An example of a possible implementation of the tip and ring signal voltage detector 20 is illustrated within FIG. 2. Within this implementation, the voltage detector 20 comprises a tip amplifier circuit and a ring amplifier circuit. The tip amplifier circuit is provided by an amplifier 21 a, a resistor 22 a and a capacitor 23 a connected in series between the tip terminal 2 and the input of the amplifier 21 a, and a resistor 24 a connected across the amplifier 21 a. The ring amplifier circuit is provided by an amplifier 21 b, a resistor 22 b and a capacitor 23 b connected in series between the ring terminal 3 and the input of the amplifier 21 b, and a resistor 24 b connected across the amplifier 21 b. The capacitors 23 a, 23 b serve to isolate the respective amplifiers 21 a, 21 b from DC potentials at the tip and ring terminals 2,3. A resistor 25 is connected from the output of the amplifier 21 a to the input of the amplifier 21 b, such that in combination only differential signals appearing across the tip and ring terminals 2,3 are reproduced at the output of the amplifier 21 b. Receive signals from the electronic hybrid circuit and destined for the telephone line are coupled, via the Rx terminal 7 and a resistor 26, to the input of the differential amplifier 21 b. The output of the amplifier 21 b, the composite signal, is input to the first port 10 of the network 40 and to the Tx terminal 6. In the preferred embodiment, the composite signal KVVtr is equal to a scalar constant KV, that depends on the actual implementation, multiplied by the differential voltage Vtr between the tip and ring terminals 2,3.

Referring again to FIG. 1, the loop current detector 30 is connected in series with the loop driver circuit 50 via the tip and ring PTC resistors 8,9 and the tip and ring terminals 2,3 such that all of the current flowing along a telephone line, via the tip and ring terminals 2,3, also traverse the loop current detector 30. The loop current detector 30 is responsive to differential current flowing via the tip and ring terminals 2,3 for generating a line signal which is useful in an associated telephone facility for detecting ON HOOK and OFF HOOK conditions. The line signal is also supplied to a second port 11 of the network 40.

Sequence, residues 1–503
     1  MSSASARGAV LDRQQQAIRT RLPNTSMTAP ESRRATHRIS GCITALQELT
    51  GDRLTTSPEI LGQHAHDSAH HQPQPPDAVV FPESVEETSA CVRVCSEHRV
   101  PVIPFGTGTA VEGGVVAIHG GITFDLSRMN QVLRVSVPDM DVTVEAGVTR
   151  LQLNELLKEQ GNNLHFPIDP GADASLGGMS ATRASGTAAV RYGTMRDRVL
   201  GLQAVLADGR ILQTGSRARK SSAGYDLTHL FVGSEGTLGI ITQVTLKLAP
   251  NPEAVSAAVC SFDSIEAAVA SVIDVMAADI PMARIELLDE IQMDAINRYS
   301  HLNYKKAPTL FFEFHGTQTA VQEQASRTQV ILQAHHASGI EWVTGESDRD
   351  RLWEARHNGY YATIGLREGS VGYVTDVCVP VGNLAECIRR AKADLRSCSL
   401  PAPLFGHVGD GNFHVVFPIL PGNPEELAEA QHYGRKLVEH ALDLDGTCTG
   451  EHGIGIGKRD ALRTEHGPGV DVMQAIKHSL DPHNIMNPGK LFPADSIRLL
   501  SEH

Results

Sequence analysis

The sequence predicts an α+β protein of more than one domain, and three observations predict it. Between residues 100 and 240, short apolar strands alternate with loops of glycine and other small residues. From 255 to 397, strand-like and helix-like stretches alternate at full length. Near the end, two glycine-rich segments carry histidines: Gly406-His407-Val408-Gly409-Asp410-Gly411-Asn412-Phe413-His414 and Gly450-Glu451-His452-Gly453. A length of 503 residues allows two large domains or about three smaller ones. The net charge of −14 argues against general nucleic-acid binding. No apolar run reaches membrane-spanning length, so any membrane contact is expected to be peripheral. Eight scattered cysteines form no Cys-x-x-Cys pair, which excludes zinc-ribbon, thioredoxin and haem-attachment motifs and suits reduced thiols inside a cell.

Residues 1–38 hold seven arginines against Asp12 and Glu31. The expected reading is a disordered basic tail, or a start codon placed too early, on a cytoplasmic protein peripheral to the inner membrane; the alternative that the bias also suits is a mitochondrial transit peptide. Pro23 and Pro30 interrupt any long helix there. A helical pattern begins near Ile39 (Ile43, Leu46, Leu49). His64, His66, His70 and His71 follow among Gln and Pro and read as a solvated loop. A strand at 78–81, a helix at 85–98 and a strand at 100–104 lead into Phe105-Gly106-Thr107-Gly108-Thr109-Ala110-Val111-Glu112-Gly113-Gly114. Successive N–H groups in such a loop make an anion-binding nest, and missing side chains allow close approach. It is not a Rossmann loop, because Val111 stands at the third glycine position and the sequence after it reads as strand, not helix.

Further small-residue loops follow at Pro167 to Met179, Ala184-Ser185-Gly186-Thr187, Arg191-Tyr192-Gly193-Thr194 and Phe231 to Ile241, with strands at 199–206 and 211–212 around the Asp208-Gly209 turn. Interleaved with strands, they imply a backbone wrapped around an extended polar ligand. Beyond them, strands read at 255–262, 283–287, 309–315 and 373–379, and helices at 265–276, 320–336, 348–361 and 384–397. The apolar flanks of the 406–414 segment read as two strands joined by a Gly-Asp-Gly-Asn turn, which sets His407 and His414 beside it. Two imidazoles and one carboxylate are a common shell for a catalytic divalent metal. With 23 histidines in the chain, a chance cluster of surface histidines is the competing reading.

A possible implementation of the loop current detector 30 is shown with reference to FIG. 2. In this implementation, the loop current detector 30 comprises a resistor network having a tip feed resistor 31 a and a ring feed resistor 31 b, each of which conducts virtually all of the current traversing the tip and ring terminals 2,3 respectively. The resistor network further comprises tip and ring voltage dividers 32,33 provided by resistors 32 a,32 b and resistors 33 a, 33 b respectively. Resistors 32 a,32 b are connected in series between the node of the tip feed resistor 31 a not connected to the tip terminal 2 and the node of the ring feed resistor 31 b connected to the ring terminal 3. Resistors 33 a, 33 b are connected in series between the node of the tip feed resistor 31 a connected to the tip terminal 2 and the node of the ring feed resistor 31 b not connected to the ring terminal 3. The node between the resistors 32 a,32 b and the node between the resistors 33 a, 33 b are defined as tip and ring taps 34 a, 34 b respectively. The tip and ring taps 34 a, 34 b are connected across a differential input of a differential amplifier 35 with resistor 36 connected between the ring tap 34 b and ground, and with resistor 37 connected between the tip tap 34 a and the output of the amplifier 35. Currents related to currents in the tip and ring feed resistors 31 a, 31 b are conducted via the tip tap 34 a and resistor 37 and via ring tap 34 b and resistor 36 respectively. Hence, the differential amplifier 35 is direct coupled to generate the previously mentioned line signal. In the preferred embodiment, the line signal KIItr is equal to a scalar constant KI, that depends on the actual implementation, multiplied by the differential current Itr traversing the tip and ring terminals 2,3.

The line signal is applied to a supervision lead 38 for use in the telephone facility and the second port 11 of the network 40 via a capacitor 39. The capacitor 39 serves to isolate the network 40 from a direct current potential at the output of the amplifier 35.

Referring again to FIG. 1, the composite signal at the first port 10 and the line signal at the second port 11 combine in the network 40 to provide a feedback signal which is input to the loop driver circuit 50 via a third port 12 in the network 40. A possible implementation of the network 40 is illustrated within FIG. 2. This implementation comprises a resistor 41 and a capacitor 42 connected in series between the first port 10 and the third port 12, a resistor 43 connected between the second port 11 and the third port 12, and an optional resistor 44 connected between the first port 10 and the third port 12 that is required in those cases where an operating telephone company's standard line terminating impedance includes a parallel resistance value.

Referring back to FIG. 1, the loop driver circuit 50 connects the tip and ring terminals 2,3 with the −V and GRD terminals 4,5 to provide a flow of energizing direct current for the operation of a telephone while it is OFF HOOK. The loop driver circuit 50 also drives voltage and alternating current signals on the tip and ring terminals 2,3 such that the line interface circuit terminates the telephone line with a characteristic active impedance which substantially corresponds to a predetermined preferred input impedance as will be described herein below.